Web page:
Norwich resident Peter Offord, whose grandfather FJ Offord, first set sail on a Lowestoft smack at the age of 12, signed up for a day’s sailing from the town’s harbor
Sailors are superstitious about sailing on a Friday, but any doubts they might have had were quickly dispelled when Captain Karol methodically guided us through the safety procedures.
We were in Lowestoft harbor and signed up for a day of sailing aboard the Excelsior fishing smack. He explained to us the man overboard, the life jackets, the fire, the sinking, the abandonment of the ship, the engine failure and mentioned the many pumps on board.
The first task, after we let go of the jetty, was to lift the bowsprit by pulleys and hoists, a huge length of timber that added about 20 feet to the length of the ship and we pulled in unison to the maitre d ‘crew.
It was a simple task in port, but as we were leaving the port and getting ready to raise the mainsail and jib we encountered rough seas and heavy swells.
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Safety jokes rang hollow as the strong northerly breeze hit us, blowing hats and a man’s glasses falling apart on the deck as the spray fell on the bow.
We the guests had no experience of sailing on a 1921 Lowestoft smack, but under the orders of the young skipper Ollie (who had avoided Uni for the navigation) Charlotte the Mate and Seaman Nye and led by the skipper, we have quickly learned.
Charlotte climbed onto the wobbling boom to deploy the mainsail and once it was raised and the vessel stabilized, the skipper shut down the engine. The Excelsior was facing the wind on the port tack and the horizon stretched in a limitless curve as the coast descended aft.
We stabilized on the moorings of the boat and had the opportunity to chat. For a while the pulse of the sea became our pulse.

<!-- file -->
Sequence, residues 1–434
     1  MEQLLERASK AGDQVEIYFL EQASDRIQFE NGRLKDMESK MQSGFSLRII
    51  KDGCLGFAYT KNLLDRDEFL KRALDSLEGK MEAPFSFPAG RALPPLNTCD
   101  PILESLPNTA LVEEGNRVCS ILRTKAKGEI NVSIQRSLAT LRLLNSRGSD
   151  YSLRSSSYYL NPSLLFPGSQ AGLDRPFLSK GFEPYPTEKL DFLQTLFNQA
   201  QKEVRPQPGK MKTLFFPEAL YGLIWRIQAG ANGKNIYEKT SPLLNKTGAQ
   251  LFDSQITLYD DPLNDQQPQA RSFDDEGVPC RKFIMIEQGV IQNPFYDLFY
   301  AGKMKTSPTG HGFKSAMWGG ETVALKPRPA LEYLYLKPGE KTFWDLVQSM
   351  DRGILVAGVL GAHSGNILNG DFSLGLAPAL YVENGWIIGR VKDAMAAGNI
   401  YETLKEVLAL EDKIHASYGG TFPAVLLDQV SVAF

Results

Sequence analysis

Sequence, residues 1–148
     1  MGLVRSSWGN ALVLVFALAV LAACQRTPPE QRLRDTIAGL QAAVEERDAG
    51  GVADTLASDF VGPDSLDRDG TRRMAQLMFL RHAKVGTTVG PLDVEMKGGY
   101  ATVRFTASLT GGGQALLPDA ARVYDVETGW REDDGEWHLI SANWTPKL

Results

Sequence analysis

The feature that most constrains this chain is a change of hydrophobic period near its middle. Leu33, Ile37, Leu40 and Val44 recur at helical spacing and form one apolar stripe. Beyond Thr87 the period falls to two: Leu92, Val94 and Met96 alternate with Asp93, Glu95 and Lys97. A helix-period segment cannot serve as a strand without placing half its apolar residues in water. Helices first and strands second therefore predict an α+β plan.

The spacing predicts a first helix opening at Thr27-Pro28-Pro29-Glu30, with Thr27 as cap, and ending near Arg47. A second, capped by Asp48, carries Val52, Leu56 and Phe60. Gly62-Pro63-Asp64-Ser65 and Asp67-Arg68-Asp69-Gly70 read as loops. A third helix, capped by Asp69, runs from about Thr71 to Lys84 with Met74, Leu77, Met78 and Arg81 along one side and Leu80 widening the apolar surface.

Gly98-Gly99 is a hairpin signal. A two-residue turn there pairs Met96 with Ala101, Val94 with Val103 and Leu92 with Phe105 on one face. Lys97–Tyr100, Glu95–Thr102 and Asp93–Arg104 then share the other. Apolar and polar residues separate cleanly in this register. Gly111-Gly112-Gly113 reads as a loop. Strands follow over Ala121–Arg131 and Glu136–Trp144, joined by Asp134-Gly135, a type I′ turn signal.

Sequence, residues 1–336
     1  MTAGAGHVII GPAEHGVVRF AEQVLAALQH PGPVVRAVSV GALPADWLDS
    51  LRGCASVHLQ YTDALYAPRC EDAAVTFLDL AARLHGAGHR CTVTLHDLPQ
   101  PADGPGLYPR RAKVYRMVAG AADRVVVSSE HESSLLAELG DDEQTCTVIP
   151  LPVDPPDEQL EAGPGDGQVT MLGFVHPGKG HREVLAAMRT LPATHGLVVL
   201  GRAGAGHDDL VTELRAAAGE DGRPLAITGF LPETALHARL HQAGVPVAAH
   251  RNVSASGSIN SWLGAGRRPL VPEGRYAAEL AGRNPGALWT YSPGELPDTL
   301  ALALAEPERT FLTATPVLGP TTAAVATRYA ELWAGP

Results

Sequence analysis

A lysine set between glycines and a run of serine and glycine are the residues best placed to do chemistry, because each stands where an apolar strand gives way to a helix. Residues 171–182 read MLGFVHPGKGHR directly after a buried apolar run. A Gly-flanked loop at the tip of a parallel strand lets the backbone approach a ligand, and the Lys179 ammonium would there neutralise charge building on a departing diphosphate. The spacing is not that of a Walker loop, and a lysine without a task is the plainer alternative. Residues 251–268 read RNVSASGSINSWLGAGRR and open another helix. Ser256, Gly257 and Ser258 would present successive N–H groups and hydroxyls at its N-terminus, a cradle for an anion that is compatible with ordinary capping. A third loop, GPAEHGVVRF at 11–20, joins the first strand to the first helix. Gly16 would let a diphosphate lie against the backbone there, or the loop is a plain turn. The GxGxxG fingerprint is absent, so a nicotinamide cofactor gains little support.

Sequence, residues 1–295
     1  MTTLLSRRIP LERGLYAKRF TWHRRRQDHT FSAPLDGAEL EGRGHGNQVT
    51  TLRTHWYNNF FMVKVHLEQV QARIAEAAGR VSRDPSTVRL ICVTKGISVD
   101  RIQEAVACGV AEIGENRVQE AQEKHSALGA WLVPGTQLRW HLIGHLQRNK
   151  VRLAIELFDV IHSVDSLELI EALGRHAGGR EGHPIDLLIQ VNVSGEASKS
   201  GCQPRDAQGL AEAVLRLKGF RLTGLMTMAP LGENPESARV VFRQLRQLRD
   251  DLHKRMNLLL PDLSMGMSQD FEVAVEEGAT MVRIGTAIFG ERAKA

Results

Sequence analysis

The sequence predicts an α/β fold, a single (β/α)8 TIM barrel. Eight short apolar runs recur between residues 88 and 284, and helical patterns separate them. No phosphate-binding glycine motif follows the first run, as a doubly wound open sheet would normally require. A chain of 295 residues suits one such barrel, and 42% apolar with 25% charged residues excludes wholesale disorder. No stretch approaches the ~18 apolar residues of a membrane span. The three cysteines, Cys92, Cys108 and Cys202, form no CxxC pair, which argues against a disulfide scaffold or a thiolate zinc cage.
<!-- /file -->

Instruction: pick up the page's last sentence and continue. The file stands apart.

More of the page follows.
Among us was a retired Chartered Surveyor, a couple from Essex and a father, son, son-in-law and friend from Southend.
A guest told me that he had experienced a revelation after being a workaholic and a drinker “because that’s what you did after a hard day of transplant”. His eyes had opened to nature, he said, since he had given up alcohol and now planted trees, which rewarded him in a deeper way than his previous existence.
There was something physical and immediate, which awakened vigilance and gave the opportunity to reflect, working on this century-old oak ship.
It was designed when “Application” applied yourself, or a paper form to fill out, and not a small application on a smartphone. A telephone was a candlestick-like instrument on which an operator would ring and put you in contact with: “You are now finished calling”. “Running gear” referred to cables, pulleys and hardware, not Lycra and sneakers.
The multitude of on-demand streaming platforms and channels we are now immersed in, connecting us to events from the North Pole to the South Pole, from Patagonia to the Seychelles, from Birmingham, Alabama to Birmingham, UK, n ‘ did not exist.
We are full of information: floods and storms in New York, celebrity outfits and explosions, pandemics, space flights, bat caves, stock market crashes and commercials for electric toothbrushes; The great deals our friends have made are shared on social media, along with pancake recipes and cat memes that win a thousand times over.
We have such sophisticated search engines that they tell you what you want before you know you need it.
A hundred years ago, tweets were strictly for birds and Java was a remote island in Indonesia, not a computer programming language.
On Excelsior, the fishing was done with a net and not by a hostile entity on the “net” after your money.
Much of our interaction is virtual, connected but separated by a screen, with little time for processing.
Experiences like the Excelsior Sailing reconnect us with an immersive and more direct physical experience. The action is focused on the sense of purpose and leadership, teamwork and direction; a rare experience in our world of continuous surfing on the digital sea of information.
The Excelsior Trust is a charitable organization that provides life-changing sailing experiences for young and disadvantaged people, schools and business groups, as well as unique sailing opportunities for individuals, while preserving and enhancing now one of the UK’s most historic ships www.theexcelsiortrust.co. UK